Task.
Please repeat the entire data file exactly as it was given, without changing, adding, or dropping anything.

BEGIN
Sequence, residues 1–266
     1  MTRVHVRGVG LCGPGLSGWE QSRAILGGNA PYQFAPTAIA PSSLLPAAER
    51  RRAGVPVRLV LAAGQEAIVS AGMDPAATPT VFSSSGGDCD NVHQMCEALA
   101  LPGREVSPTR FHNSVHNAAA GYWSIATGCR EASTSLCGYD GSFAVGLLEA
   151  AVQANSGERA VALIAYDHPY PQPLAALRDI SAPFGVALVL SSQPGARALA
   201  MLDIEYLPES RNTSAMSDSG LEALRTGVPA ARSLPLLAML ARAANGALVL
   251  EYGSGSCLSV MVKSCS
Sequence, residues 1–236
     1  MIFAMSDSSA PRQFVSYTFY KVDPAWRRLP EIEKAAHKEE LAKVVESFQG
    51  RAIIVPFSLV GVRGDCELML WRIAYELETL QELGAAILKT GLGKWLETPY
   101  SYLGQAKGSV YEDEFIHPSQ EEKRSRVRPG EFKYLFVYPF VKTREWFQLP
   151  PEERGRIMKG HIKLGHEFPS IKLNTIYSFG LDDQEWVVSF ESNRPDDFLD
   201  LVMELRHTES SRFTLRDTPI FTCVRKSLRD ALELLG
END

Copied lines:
Sequence, residues 1–266
     1  MTRVHVRGVG LCGPGLSGWE QSRAILGGNA PYQFAPTAIA PSSLLPAAER
    51  RRAGVPVRLV LAAGQEAIVS AGMDPAATPT VFSSSGGDCD NVHQMCEALA
   101  LPGREVSPTR FHNSVHNAAA GYWSIATGCR EASTSLCGYD GSFAVGLLEA
   151  AVQANSGERA VALIAYDHPY PQPLAALRDI SAPFGVALVL SSQPGARALA
   201  MLDIEYLPES RNTSAMSDSG LEALRTGVPA ARSLPLLAML ARAANGALVL
   251  EYGSGSCLSV MVKSCS
Sequence, residues 1–236
     1  MIFAMSDSSA PRQFVSYTFY KVDPAWRRLP EIEKAAHKEE LAKVVESFQG
    51  RAIIVPFSLV GVRGDCELML WRIAYELETL QELGAAILKT GLGKWLETPY
   101  SYLGQAKGSV YEDEFIHPSQ EEKRSRVRPG EFKYLFVYPF VKTREWFQLP
   151  PEERGRIMKG HIKLGHEFPS IKLNTIYSFG LDDQEWVVSF ESNRPDDFLD
   201  LVMELRHTES SRFTLRDTPI FTCVRKSLRD ALELLG